methodological bracketing of our natural attitude or epoché (cf. Moran 2000, pp.
148–152). As a critic, says Hume, I must “forget, if possible, my individual being,
and my peculiar circumstances. A person influenced by prejudice complies not with
this condition, but obstinately maintains his natural position”. It takes effort to
remove this prejudice. If the critic does not impose “a proper violence on his
imagination” then “his taste evidently departs from the true standard, and of
consequence loses all credit and authority”. Fifth, it is not enough just to once
bracket our natural position. In order to avoid any bias creeping back in due to
prejudice we need to employ “good sense to check its influence”, which makes sharp
reasoning an essential skill for the critic. This last criterion is indicative of the
necessity for deliberate redirection of attention during the process of becoming
aware (e.g. Depraz et al. 2003, p. 31).
Hume argues that by training the mind in this manner we will progress from a
novice, who emphasizes the subjective aspect of qualitative phenomena, to an expert
critic, who is able to discern objective qualities in the experience. A good case study
for exploring the philosophical import of acquiring such a skill is wine tasting (e.g.
Smith 2007). However, Hume himself never seemed to have entertained the
possibility of using this method in order to develop the phenomenological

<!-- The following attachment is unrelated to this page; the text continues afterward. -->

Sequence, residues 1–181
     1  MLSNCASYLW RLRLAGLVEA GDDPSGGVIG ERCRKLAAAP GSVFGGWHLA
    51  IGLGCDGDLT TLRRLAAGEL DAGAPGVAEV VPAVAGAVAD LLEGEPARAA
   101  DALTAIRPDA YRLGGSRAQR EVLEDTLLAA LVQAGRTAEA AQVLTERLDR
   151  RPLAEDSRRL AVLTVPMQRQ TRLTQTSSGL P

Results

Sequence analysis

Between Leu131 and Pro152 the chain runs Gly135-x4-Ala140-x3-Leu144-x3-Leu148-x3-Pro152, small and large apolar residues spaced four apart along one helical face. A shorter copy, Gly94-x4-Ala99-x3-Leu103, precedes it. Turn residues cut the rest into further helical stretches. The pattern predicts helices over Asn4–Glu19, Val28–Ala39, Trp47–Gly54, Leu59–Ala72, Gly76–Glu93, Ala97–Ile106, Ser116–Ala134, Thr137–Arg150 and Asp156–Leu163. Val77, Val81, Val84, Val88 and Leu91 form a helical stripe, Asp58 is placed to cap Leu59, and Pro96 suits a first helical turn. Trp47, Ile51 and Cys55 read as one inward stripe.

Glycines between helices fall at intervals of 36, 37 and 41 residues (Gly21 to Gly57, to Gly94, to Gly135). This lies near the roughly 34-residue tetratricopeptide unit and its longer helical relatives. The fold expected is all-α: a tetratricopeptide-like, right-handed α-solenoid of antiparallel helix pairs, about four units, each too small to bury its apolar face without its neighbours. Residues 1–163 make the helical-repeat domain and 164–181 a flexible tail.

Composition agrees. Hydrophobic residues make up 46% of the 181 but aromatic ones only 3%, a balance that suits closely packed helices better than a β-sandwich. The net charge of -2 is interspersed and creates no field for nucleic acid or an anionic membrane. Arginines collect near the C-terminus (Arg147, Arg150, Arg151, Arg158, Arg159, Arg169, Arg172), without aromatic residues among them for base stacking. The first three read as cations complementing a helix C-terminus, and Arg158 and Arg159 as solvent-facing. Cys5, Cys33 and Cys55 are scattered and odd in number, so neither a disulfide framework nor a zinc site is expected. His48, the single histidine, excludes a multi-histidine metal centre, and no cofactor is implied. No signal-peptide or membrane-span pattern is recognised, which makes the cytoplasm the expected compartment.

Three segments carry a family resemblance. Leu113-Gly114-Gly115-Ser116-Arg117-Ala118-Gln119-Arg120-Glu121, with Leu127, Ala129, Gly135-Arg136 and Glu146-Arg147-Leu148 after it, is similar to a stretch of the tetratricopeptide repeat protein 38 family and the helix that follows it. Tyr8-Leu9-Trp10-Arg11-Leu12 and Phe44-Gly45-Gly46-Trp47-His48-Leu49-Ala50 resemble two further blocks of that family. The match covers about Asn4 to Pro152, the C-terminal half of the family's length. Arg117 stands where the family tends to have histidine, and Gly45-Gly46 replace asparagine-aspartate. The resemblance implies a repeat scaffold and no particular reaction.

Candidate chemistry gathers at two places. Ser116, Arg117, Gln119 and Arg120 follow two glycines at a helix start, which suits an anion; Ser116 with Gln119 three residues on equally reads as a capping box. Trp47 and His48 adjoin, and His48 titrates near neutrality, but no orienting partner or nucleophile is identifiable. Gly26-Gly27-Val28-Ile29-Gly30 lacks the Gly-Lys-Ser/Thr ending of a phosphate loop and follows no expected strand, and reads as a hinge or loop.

foundation of his ‘science of man’ in a more principled manner. Still, even though
this methodological aspect of his work is severely underdeveloped in contrast to
enactive cognitive science (though the enactive approach is also just beginning to
124 T. Froese

explore these issues with more seriousness), he is more explicit about the effects
such training can have on our way of living. In an essay called ‘Of the Delicacy of
Taste and Passion’ (1741), for example, he develops the existential consequences of
becoming such a skilful critic.
He begins with the observation that “good or ill fortune is very little at our
disposal” and since “great pleasures are much less frequent than great pains” this is a
problem for people who “are subject to a certain delicacy of passion, which makes
them extremely sensible to all accidents of life” and, as a consequence, often makes
them act inappropriately. This is the case for the generality of mankind who base
their happiness on external circumstances. However, Hume is persuaded that this
problematic condition can be improved by cultivating a certain “delicacy of taste”,
similar to the method outlined above. Note, however, that this is an existential
transformation which is not exclusively positive: “It enlarges the sphere both of our
happiness and misery, and makes us sensible to pains as well as pleasures which
escape the rest of mankind”. Still, Hume argues that nothing is more “improving to
the temper” and “favourable to love and friendship” than acquiring this skill.
The point of this brief detour was to show that there is a complex ethical
dimension to enactive cognitive science’s call for the establishment of phenomenol-
ogy as a practice. For example, what are the effects of undergoing appropriate
training on the personal life of the investigator? Is it acceptable to ask someone to
change their way of being (not just their knowledge!) in the specified manner before
they can engage in the scientific study of mind? Even though it might turn out that
the overall benefits outweigh the potential drawbacks, and judging from the example